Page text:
Basically, what Tesla did is realigned their pricing tiers for locations that charge by the minute so that even though you are technically charged by the minute the end result works out to you effectively paying a price that is very close to their desired $/kWh target.

As for why they don't just always charge by the kWh, they can't. Tesla would like to do just that, but in many places they are prevented from doing so because "reselling" electricity isn't allowed in those locations. The price "per minute" is a hack to get around that restriction.

Got it. So the examples I was seeing in articles where the average was in tier for was double what the average per kwh in tier 1 was probably a bad or old example and Tesla has tuned that over time?

Can someone post some tier pricing examples from their nav? I have FUSC so I have no visibility into charging costs. Is there anywhere one can see charging costs without having a car that has pay as you go?
 

Rocky_H

Well-Known Member
Feb 19, 2015
7,830
9,852
Boise, ID
Why can't they just charge a flat rate for kwh
State laws. It's not just a problem Tesla has. Chargepoint and Blink and all of the charging networks have that issue. Some states (less than half now I think) still have laws outlawing anyone but the state monopoly utility companies from selling electricity.

So the EV charging network companies all have to just roll their eyes and say, "Ugh, fine. You are (exaggerated finger quotes) "renting time" using our equipment."

So the examples I was seeing in articles where the average was in tier for was double what the average per kwh in tier 1 was probably a bad or old example and Tesla has tuned that over time?
That aren't going to be able to fully tune it out unless they want to go to like twenty-some tiers to give them enough granularity, and then people's eyes would glaze over at the rate plans, and they would be angry at Tesla for making it too complicated, etc. So they pick a middle ground with just a few tiers so it's at least semi-understandable, but that's going to have some inequality points somewhere in that spectrum.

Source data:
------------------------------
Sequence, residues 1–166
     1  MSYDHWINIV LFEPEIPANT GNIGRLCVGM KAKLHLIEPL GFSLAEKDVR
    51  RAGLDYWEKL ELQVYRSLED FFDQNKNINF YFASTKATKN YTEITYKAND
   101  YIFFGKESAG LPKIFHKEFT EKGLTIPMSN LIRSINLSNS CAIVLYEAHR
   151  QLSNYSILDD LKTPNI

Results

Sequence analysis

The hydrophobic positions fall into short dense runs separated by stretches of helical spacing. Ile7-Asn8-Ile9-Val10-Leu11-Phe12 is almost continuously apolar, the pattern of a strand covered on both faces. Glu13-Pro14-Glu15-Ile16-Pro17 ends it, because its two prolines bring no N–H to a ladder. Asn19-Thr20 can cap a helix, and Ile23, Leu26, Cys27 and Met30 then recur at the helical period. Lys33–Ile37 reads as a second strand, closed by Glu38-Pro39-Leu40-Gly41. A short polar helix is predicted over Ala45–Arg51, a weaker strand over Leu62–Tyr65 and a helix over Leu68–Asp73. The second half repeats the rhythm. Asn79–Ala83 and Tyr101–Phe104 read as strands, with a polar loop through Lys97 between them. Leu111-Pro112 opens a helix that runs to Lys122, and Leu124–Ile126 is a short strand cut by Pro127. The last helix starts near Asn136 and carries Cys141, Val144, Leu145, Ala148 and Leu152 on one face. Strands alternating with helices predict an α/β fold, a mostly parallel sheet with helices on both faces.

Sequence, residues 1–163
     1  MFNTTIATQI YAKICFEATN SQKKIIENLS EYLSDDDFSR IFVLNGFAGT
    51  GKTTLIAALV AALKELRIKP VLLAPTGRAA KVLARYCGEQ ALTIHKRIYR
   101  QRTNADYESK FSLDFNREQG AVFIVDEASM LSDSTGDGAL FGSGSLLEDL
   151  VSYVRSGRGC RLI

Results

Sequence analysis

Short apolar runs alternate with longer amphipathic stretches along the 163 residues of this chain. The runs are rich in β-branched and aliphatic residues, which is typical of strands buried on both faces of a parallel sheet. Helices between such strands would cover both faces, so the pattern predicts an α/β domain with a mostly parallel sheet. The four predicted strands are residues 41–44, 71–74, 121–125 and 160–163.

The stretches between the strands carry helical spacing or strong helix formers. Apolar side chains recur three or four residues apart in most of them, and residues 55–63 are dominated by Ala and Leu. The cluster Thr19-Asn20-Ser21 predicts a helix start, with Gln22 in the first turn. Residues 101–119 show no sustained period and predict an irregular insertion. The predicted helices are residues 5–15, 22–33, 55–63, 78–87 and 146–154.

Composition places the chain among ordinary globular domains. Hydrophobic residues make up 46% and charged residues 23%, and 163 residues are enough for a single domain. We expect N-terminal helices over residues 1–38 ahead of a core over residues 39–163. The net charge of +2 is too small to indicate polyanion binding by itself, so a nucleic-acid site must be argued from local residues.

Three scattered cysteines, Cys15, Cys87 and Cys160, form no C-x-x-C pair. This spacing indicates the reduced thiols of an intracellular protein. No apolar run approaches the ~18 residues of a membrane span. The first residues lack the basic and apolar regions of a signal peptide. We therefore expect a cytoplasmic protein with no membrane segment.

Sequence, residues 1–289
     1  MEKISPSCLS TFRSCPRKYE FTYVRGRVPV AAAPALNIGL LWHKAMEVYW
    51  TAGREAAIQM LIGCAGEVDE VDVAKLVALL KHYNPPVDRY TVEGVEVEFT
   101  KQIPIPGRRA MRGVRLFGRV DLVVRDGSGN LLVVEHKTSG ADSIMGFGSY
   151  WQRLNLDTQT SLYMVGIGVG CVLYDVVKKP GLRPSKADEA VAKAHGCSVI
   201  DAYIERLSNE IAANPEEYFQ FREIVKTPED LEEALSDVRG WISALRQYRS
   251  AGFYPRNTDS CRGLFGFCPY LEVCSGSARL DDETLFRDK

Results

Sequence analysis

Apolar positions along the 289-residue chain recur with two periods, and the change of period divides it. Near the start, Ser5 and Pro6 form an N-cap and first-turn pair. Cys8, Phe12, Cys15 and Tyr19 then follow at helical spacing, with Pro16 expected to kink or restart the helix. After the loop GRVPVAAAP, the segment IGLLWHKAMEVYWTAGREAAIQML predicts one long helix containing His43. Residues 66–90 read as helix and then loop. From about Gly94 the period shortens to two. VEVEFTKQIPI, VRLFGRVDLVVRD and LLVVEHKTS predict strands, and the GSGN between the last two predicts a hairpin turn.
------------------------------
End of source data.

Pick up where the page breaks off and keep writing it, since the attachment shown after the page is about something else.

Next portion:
sorka

Well-Known Member
Feb 28, 2015
9,463
7,767
Merced, CA
State laws. It's not just a problem Tesla has. Chargepoint and Blink and all of the charging networks have that issue. Some states (less than half now I think) still have laws outlawing anyone but the state monopoly utility companies from selling electricity.

So the EV charging network companies all have to just roll their eyes and say, "Ugh, fine. You are (exaggerated finger quotes) "renting time" using our equipment."


That aren't going to be able to fully tune it out unless they want to go to like twenty-some tiers to give them enough granularity, and then people's eyes would glaze over at the rate plans, and they would be angry at Tesla for making it too complicated, etc. So they pick a middle ground with just a few tiers so it's at least semi-understandable, but that's going to have some inequality points somewhere in that spectrum.

I just meant that in the examples I've seen tier 4 is almost twice as expensive as tier 1 per kwh.
 
Their whole goal with the pricing realignment is to make the "per minute" charging as close to "per kWh" as possible. This means that when charging at higher power, the price needs to be higher as well because in each minute of charging, you're getting more energy. So, for example, let's consider Case A: 3 minutes of charging at 60 kW vs Case B: 3 minutes of charging at 180 kW. For A, in those 3 minutes your car actually got 3 kWh of energy during that time period. For B, your car got 9 kWh, i.e. three times as much energy in those same 3 minutes. If the goal is to have a pricing tier strategy that as closely as possible approximates a per kWh price for the energy then the tier at 180kW needs to cost three times as much per minute for that to work.

Basically, what Tesla did is realigned their pricing tiers for locations that charge by the minute so that even though you are technically charged by the minute the end result works out to you effectively paying a price that is very close to their desired $/kWh target.

As for why they don't just always charge by the kWh, they can't. Tesla would like to do just that, but in many places they are prevented from doing so because "reselling" electricity isn't allowed in those locations. The price "per minute" is a hack to get around that restriction.
Taken to a logical extreme, you could see a per-minute price schedule that looks like this:

0-30 kW: 0.15

30-40 kW: 0.20

40-50 kW: 0.25

50-60 kW: 0.30

60-80 kW: 0.40

80-100 kW: 0.50

100-120 kW: 0.60

120-150 kW: 0.75

150-200 kW: 1.00

200-250 kW: 1.25